Podcast 7: The Whole Earth Catalog, Ecology, and the Early Internet

Dr. Courtney Traub, Teaching and Research Fellow at the Rothermere American Institute at Oxford, joined us this week to tell us about an off-beat, counter-cultural publication from the 1960s and 70s, the Whole Earth Catalog.

The Whole Earth Catalog is the brainchild of Stewart Brand and was a compendium of sustainable and self-sufficient living resources, new technologies, and reviews of books on widely esoteric topics from cybernetics to population crises. It derived its title from NASA’s famous image of the earth from space, which was featured on its initial cover page:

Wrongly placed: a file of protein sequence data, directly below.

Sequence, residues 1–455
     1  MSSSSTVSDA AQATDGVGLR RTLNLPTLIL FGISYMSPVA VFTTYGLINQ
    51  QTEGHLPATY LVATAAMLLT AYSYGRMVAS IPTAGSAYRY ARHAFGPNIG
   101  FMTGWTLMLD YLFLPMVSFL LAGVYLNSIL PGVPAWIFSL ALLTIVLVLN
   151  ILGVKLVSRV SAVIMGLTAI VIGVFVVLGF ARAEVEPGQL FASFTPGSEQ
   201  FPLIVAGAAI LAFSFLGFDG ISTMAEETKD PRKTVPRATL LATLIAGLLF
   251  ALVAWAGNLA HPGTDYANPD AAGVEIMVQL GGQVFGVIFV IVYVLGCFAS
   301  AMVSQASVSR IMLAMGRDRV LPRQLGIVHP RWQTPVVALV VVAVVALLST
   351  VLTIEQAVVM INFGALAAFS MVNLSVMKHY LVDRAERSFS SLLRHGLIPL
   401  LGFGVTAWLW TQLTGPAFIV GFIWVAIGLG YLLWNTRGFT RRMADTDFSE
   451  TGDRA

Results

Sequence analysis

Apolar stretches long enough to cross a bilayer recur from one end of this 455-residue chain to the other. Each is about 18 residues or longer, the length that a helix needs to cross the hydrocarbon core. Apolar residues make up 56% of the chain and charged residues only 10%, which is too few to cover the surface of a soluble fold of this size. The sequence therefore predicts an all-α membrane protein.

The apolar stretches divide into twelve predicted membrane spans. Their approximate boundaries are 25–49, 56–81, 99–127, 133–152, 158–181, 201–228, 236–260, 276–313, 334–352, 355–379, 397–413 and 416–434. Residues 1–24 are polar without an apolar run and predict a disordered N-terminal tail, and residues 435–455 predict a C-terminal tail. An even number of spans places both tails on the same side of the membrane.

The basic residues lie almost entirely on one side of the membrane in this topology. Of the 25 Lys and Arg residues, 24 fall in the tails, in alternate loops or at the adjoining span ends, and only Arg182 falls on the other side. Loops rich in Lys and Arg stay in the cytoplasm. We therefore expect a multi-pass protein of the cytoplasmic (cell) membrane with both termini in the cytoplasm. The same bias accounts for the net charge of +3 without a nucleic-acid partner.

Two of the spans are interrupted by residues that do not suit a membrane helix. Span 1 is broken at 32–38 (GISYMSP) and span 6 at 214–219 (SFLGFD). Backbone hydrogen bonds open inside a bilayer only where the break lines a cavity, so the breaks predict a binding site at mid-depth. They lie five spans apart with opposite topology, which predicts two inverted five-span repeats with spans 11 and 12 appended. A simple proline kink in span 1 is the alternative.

WholeEarth-cover-1968firstissue

It contains details on how to build your own geodesic dome like this one in Montreal:

794px-Montreal_Biosphere

Montreal Biosphere. Photograph by Alex Faris.

[Click the pictures below to enlarge]

 

Nature and technology in perfect(?) poetic symbiosis:

WEC-1968-pg41-machineslovinggrace

The table of contents (sans page numbers) resembles some early internet directories:

earlyyahoodirectory-WholeEarth-comparison

 

Thanks so much for listening, and as usual, let us know if you have questions or comments!

 

Correction: The Population Bomb was written by Paul and Anne Ehrlich, not Barbara Ehrlich. It came out in 1968. Anne was not initially credited with co-authorship.

Further reading:

Andrew Kirk, Counterculture Green: The Whole Earth Catalog and American Environmentalism (University Press of Kansas, 2007)

Fred Turner, From Counterculture to Cyberculture (University of Chicago Press, 2006)

Ursula Heise, Sense of Place and Sense of Planet (OUP, 2008)

 

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